Rama asked me to guess how old she was…
Rama works in the little guest house my friend, Kristin, and I stayed for a few nights in Bandipur, Nepal. She cooks and cleans. She doesn’t have all that much English and I have hardly any Nepali. We overly “Namaste-d” to compensate— knowing if we spoke the same language we would have a lot to talk about.
After a long hike in the hills, Kristin and I moved some chairs from the guest house restaurant into the sun and Rama brought us tea.
Rama asked me to guess how old she was. I thought I was really being conservative by saying 27. I was sure she must be in her 30’s. But no, she told she was twenty-five and with two daughters. One is 11 and one is 10. She busted out all her English now.
Me married. 13. Chitwan (a region hours away)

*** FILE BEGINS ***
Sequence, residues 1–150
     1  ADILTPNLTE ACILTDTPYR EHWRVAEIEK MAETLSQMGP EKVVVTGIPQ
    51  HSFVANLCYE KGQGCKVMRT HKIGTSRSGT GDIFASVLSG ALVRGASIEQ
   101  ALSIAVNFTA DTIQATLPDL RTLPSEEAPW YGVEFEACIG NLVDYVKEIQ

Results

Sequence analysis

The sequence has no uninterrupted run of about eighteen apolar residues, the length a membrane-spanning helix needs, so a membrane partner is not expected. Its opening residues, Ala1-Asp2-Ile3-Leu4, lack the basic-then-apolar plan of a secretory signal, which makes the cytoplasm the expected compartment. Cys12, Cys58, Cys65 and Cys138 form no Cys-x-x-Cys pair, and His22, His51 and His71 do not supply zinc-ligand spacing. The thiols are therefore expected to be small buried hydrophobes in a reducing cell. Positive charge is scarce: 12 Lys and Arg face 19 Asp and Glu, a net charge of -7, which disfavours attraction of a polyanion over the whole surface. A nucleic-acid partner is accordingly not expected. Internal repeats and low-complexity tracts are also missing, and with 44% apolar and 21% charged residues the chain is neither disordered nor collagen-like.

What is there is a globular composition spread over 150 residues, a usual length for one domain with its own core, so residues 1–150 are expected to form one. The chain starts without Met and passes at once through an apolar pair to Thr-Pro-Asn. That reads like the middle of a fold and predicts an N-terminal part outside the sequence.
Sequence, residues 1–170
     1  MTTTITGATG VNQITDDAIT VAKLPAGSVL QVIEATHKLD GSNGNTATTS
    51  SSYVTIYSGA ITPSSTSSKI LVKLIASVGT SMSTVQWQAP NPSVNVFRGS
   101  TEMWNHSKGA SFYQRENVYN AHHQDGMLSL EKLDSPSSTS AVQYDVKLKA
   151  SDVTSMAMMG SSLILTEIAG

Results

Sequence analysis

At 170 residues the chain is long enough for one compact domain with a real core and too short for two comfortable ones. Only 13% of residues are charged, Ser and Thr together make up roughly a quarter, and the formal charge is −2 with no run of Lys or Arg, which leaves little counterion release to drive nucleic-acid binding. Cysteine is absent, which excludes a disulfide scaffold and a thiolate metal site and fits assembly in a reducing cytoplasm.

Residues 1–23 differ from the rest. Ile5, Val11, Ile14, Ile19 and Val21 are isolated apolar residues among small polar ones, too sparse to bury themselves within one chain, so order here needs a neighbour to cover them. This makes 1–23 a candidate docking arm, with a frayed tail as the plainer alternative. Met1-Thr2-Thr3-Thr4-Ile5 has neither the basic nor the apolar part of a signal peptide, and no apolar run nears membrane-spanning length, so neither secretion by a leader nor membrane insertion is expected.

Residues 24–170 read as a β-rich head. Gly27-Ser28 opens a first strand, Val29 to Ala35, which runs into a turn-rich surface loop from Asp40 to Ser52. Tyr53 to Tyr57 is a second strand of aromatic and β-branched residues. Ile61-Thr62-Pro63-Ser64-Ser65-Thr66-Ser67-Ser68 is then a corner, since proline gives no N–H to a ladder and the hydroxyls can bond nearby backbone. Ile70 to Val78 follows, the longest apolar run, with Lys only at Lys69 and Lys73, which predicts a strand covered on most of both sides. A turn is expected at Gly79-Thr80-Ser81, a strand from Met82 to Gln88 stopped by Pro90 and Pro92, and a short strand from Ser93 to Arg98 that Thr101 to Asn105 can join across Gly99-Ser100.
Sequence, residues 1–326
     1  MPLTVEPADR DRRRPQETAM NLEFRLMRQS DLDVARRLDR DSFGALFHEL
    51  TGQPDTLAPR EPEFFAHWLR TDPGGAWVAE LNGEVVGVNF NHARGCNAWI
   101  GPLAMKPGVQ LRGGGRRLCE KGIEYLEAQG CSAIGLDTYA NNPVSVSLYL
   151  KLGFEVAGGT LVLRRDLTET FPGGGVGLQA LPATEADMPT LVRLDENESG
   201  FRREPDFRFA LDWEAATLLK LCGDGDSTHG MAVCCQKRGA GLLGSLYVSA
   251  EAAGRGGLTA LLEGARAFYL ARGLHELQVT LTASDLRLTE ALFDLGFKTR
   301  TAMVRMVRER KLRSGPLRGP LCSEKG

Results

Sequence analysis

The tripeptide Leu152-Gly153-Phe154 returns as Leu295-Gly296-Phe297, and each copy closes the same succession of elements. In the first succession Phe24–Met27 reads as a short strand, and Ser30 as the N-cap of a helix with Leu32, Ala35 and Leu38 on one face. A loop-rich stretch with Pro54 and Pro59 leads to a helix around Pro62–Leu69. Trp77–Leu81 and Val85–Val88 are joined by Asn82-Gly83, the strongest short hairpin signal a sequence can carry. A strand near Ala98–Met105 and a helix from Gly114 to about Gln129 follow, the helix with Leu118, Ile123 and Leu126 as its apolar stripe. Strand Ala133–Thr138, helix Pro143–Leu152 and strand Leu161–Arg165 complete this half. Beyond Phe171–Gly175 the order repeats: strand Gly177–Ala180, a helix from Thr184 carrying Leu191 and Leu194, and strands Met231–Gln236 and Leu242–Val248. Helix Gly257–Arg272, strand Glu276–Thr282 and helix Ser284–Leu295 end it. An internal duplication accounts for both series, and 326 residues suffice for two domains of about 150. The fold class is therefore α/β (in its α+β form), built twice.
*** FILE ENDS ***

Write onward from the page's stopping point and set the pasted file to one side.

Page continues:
(she shakes her head as if to say, “I know, criminal right?”
Me. No house. No see daughters.
Me work Bandipur. Very difficult.
No house. No see mom. No see daughters. No husband.
Daughters husband house.
Nepali culture no new marry.
(Rama looked at me right in the eyes for a long time. Then let down her gaze. She changed her painful tone to one of conversational optimism.)
America? America is beautiful?
I got the feeling all her English is reserved for her story. These tourists coming through this small town are her only hope.
Later on our hike up to see the sunset I daydreamed about visas and South Seattle Community College with all its English and immigration classes and taking Rama to the airport.
What would it take to rescue her?
I know I could… and I can’t, but what will happen to her if I don’t?
What is my responsibility?